On the continuing theme of what is missing, diversity of suppliers is needed at different points of the chain with sufficient support for the UK’s own start-ups. However, the Bill does not even mention supply chain diversification or the diversification strategy, even though we all agree that we cannot have a robust and secure network with only two service providers, which is the number that we will have left once Huawei is removed from our networks. Support for Britain’s start-ups is needed to deliver this diversity, but the Government’s investment of £250 million will surely not be enough. As the Science and Technology Committee has called for, will the Government produce an action plan with clear targets and timeframes for how that funding will be spent?

This Bill provides a vast and continuing expansion of Ofcom’s remit. It also gives the regulator sweeping new powers and responsibilities. However, Ofcom lacks experience in national security. These changes will demand the recruitment of people with specialist skills and the required level of security clearance. How will this be handled? The impact assessment states that the cost of monitoring compliance for Ofcom is up to £49.4 million from now up to 2029. Can the Minister assure the House that Ofcom will have the relevant resources?

The security of our telecoms network sits firmly within an international context, as my noble friend Lord Maxton said. As the impact assessment states:

“The most significant cyber threat to the UK telecoms sector comes from states. The UK Government has publicly attributed malicious cyber activity against the UK to Russia and China as well as North Korea and Iranian actors”.

This concern is clearly shared with our key allies, as confirmed in the recent NATO summit’s communiqué.

This Bill was published in November—before the integrated review of security, defence, development and foreign policy had concluded. The review states:

“Under the provisions of the Telecommunications (Security) Bill, supported by the 5G supply chain diversification strategy, we will … work with partners, including the Five Eyes, to create a more diverse and competitive supply base for telecoms networks.”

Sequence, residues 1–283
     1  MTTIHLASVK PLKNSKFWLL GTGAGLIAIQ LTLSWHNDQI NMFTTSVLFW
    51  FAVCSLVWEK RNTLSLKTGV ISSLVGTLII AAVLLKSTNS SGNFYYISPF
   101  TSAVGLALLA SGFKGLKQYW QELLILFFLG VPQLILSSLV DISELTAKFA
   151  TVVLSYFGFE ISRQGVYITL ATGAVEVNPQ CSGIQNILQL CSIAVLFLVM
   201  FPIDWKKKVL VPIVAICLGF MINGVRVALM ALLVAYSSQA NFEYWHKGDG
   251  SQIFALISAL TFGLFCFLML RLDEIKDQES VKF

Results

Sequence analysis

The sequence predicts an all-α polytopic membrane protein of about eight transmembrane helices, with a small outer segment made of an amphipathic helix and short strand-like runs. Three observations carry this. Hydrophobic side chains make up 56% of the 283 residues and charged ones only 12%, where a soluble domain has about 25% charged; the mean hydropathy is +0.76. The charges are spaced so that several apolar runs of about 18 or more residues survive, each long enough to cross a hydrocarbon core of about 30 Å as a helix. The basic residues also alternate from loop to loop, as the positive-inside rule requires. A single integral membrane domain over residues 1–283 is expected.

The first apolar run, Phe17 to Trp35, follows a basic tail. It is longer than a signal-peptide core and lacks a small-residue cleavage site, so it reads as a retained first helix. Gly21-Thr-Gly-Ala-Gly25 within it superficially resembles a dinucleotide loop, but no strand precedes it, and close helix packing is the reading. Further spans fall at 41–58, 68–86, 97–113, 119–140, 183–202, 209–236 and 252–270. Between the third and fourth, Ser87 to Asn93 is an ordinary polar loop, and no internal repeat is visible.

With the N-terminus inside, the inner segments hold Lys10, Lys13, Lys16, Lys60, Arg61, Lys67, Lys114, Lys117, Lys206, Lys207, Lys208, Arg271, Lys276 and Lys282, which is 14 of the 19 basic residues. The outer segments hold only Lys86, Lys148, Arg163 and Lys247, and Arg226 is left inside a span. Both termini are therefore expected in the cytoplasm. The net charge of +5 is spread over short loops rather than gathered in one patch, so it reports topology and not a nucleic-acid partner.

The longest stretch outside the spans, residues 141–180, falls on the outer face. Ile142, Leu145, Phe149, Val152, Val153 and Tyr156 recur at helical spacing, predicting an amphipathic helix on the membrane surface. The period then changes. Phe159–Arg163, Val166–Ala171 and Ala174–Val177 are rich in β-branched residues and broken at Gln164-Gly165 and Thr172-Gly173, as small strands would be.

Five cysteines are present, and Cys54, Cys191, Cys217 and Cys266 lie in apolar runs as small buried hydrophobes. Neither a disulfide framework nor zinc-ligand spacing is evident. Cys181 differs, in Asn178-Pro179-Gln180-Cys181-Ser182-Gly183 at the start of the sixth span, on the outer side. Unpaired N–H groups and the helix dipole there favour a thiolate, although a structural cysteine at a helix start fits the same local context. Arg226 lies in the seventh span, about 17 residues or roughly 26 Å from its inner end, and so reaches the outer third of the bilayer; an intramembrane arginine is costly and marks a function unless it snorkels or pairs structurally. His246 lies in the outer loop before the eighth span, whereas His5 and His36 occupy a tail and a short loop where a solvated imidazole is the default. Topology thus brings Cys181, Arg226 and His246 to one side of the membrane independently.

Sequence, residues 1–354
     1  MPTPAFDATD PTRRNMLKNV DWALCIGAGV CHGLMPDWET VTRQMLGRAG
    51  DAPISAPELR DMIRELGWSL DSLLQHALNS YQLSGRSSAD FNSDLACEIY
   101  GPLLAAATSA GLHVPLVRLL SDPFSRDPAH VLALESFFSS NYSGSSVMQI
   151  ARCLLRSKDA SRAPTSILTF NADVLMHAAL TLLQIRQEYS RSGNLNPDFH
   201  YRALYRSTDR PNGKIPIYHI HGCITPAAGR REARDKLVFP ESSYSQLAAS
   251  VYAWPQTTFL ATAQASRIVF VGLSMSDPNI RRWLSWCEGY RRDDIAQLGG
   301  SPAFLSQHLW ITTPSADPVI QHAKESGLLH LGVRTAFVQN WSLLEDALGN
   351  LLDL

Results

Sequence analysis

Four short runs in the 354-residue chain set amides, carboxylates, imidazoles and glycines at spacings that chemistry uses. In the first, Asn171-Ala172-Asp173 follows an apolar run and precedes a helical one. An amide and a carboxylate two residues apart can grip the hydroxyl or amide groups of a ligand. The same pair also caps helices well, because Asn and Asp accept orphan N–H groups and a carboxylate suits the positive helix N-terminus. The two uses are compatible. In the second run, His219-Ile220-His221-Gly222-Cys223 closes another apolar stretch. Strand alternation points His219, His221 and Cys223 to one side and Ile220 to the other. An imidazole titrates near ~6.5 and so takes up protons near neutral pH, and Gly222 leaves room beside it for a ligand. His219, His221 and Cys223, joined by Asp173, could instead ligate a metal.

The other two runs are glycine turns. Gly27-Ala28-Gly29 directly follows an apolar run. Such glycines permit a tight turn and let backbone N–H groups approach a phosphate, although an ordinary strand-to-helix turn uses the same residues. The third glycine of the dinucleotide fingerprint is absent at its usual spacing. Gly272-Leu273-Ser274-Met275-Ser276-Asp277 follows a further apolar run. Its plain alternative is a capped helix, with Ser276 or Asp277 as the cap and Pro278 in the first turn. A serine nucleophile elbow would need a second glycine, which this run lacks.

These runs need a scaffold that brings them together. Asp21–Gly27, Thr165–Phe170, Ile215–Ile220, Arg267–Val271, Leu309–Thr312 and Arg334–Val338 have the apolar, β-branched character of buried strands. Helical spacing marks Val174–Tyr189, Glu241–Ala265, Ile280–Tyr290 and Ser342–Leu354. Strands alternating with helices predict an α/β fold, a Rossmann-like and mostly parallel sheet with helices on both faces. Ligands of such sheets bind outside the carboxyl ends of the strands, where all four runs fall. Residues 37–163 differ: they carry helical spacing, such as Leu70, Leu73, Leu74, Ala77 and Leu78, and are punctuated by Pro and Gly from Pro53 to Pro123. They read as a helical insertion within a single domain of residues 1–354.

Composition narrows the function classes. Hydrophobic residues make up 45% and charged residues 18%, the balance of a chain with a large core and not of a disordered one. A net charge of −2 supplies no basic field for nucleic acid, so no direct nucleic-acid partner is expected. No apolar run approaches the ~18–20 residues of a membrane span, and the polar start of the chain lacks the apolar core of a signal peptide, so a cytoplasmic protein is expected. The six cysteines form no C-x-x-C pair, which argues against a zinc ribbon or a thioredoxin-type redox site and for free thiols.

Can the Minister advise how this work is proceeding? How many companies in our supply chain sector have Russian or Chinese owners?

The noble Lord, Lord Alton, made a powerful intervention, echoed by other noble Lords, about the need for due diligence in respect of human rights—something that has been of great and continuing concern to this House. The continuing persecution of the Uighur Muslims and their plight shames the world. I am sure that the Minister will wish to reflect on this matter.

In the course of this debate, your Lordships have heard much about Huawei being the perfect illustration of why this Bill is needed. We support the action to protect the UK from the threats presented by this high-risk vendor that has huge strategic significance. As a Chinese company it could, under China’s national intelligence law of 2017, be ordered to act in a way that is harmful to the UK, and the Government state that,

“the Chinese State (and associated actors) have carried out and will continue to carry out cyber attacks against the UK and our interests”.

Despite this clarity, the telecoms supply chain review of 2018 recommended that Huawei equipment should be removed only from the sensitive part of the core network and could still make up a maximum of 35% of the non-core systems with a deadline of 2023.

In 2020, UK telecoms companies were latterly told by the Government that they would be banned from buying Huawei’s 5G equipment from January 2021 and that the Government want complete removal of Huawei equipment from our 5G networks no later than 2027—as we have heard, at a cost of £2 billion and a delay to 5G rollout by two to three years. Can the Minister indicate how the UK is going to benefit from the costly debacle of ripping out Huawei?

On spreading the risk, the Government’s vendor diversity task force said that the UK must ensure that smaller telecoms equipment makers become key suppliers of Britain’s 5G mobile phone networks once kit from Huawei is stripped out of the infrastructure. It said that smaller equipment manufacturers should provide 25% of the kit used in 5G networks. Have the Government accepted this target? We cannot end up in a similar situation again as we saw with Huawei.

This Bill must be future-proofed and provide for a horizon-scanning function to identify emerging threats and potential weaknesses in UK telecoms providers’ asset registers. We will be seeking amendments to the Bill that fill in the many missing gaps and will work across all parties to do so. As I have said, it is as much about the glaring omissions as it is about what the Bill contains. The UK cannot end up in another costly security debacle as we did with Huawei. The Government need to look to the future rather than letting it continue to overtake us. Let us hope that this Bill can do that job.